Since the Fed first announced its 2 percent inflation target on January 25, 2012, inflation has consistently run too low. In fact, the Fed has undershot its target in 48 of the 51 months since its announcement.
The most recent data from the Consumer Price Index (CPI) show that inflation over the past year has been just 1.0 percent. Part of this weakness is due to the volatile energy (down 10.1 percent from one year ago) and food (up 0.7 percent) aspects of the index. The Fed typically pulls out these components and looks at the “core” CPI. This measure shows a somewhat higher rate of inflation with a modest increase over the last year.
However, this increase is driven entirely by the shelter component (up 3.4 percent). When shelter is excluded from the core measure, inflation is well below the Fed’s target and has actually been falling in recent months.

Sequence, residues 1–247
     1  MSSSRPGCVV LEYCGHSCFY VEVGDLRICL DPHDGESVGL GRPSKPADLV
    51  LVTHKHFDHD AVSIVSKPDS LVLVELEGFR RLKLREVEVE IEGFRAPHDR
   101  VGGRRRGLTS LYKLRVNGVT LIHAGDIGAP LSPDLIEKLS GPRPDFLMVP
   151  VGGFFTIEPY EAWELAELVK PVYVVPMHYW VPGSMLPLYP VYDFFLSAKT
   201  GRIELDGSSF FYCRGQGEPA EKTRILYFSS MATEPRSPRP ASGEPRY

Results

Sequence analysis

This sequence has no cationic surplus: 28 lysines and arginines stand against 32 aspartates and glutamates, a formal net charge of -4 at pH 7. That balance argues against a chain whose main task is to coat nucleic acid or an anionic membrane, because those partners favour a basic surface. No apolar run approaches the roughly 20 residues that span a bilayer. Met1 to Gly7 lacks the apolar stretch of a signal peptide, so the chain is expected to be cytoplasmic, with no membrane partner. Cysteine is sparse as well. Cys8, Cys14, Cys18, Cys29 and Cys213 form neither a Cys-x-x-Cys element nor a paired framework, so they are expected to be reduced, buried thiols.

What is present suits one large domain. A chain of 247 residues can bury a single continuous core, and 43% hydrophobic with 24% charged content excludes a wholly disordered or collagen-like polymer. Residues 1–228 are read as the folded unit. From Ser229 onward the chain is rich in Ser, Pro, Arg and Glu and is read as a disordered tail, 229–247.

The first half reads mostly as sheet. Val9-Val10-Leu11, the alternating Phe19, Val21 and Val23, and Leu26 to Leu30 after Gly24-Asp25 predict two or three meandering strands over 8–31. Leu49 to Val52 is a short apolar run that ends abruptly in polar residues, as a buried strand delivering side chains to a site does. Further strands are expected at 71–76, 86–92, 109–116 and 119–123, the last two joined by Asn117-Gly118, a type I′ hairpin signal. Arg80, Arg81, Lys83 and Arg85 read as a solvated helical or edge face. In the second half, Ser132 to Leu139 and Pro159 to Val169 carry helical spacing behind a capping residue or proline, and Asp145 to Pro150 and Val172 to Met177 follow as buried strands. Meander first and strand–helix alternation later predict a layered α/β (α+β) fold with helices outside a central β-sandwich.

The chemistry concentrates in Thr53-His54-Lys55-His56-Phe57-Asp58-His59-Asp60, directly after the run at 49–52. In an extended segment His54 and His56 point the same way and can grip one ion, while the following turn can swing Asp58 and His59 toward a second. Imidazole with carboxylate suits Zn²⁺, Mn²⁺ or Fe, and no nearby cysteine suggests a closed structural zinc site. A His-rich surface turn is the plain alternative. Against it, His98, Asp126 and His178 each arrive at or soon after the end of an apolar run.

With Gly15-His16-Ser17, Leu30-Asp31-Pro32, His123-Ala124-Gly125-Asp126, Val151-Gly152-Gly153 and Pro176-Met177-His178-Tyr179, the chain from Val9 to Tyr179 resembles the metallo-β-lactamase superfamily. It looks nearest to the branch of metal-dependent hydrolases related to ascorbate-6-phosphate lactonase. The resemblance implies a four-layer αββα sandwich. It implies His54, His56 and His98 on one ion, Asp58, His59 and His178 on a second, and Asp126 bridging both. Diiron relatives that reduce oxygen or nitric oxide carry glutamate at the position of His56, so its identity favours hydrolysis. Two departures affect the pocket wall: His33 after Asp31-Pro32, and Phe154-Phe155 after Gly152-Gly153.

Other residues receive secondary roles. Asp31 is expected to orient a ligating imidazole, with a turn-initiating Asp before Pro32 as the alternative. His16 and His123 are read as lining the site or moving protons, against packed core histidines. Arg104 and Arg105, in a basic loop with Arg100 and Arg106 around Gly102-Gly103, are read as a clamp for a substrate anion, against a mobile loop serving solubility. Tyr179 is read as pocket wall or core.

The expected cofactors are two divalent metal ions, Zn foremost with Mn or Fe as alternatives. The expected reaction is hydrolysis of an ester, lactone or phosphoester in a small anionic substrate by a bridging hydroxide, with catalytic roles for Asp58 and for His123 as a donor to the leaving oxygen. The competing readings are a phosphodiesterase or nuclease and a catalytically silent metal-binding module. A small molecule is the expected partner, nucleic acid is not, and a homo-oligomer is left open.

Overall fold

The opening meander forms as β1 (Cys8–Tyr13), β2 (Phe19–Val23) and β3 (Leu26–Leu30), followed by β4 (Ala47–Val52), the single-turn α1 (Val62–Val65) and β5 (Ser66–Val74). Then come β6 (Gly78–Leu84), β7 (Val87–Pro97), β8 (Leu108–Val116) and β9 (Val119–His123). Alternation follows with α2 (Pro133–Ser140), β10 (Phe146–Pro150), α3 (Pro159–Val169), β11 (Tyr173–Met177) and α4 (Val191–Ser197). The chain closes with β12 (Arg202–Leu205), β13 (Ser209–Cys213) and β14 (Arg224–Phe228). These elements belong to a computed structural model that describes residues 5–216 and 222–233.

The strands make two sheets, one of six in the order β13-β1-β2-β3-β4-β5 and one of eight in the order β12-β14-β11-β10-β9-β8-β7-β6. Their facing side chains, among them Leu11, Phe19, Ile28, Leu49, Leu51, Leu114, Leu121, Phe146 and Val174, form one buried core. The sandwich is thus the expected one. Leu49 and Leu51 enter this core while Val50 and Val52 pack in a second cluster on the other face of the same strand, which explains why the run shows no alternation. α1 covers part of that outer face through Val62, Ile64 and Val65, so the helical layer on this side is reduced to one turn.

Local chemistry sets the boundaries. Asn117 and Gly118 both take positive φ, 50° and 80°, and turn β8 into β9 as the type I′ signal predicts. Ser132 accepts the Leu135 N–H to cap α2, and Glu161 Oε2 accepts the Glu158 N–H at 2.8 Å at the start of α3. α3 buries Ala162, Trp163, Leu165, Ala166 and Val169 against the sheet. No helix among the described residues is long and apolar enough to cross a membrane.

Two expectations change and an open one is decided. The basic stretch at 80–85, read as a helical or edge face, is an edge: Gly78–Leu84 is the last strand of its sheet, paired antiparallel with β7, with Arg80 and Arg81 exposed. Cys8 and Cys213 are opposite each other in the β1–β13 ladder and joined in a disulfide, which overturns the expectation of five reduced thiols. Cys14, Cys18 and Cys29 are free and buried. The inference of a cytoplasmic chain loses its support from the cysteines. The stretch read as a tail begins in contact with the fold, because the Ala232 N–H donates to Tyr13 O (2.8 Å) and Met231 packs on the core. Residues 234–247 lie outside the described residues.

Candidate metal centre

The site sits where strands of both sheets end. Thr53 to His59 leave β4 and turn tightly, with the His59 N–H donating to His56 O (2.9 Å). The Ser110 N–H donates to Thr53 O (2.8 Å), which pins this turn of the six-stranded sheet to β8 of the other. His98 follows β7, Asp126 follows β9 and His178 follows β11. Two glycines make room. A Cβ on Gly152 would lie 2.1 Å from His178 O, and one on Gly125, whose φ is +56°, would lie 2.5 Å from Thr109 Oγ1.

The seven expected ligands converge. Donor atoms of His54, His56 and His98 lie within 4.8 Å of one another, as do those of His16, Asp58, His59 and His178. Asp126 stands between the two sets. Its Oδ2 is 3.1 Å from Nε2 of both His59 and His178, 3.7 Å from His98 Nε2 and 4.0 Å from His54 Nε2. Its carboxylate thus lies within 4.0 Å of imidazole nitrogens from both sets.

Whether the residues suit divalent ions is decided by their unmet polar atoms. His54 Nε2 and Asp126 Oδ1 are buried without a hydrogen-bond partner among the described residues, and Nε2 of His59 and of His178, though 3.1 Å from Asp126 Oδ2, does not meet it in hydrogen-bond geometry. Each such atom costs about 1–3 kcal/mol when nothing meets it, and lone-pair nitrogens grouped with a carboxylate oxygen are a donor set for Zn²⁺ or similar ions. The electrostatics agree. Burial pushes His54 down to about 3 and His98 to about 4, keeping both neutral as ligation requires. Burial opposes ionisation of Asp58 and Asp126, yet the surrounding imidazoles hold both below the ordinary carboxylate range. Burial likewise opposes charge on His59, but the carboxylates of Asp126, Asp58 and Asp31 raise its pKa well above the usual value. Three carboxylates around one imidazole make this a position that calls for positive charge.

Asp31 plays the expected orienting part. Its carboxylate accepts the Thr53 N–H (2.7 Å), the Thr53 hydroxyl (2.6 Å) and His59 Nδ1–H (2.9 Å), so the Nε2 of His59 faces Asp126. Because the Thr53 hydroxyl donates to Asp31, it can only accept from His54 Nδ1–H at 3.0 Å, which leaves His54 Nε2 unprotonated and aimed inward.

The figures below show annualized rates of inflation for all goods and services minus food, energy, and shelter. Figure 1 employs typical CEPR methodology by comparing the past three months to the previous three months using seasonally adjusted data. Figure 2 compares the past three months to the same three months from the previous year using non-adjusted data. In both figures, the actual inflation data are compared to the 2.3 percent inflation rate which the Fed implicitly targets for this particular measure. One obvious takeaway from the graphs is that inflation has consistently undershot the Fed’s target over the past four years. Another takeaway is that there is no upward trend in this “core inflation minus shelter” index, and it may even be headed downward.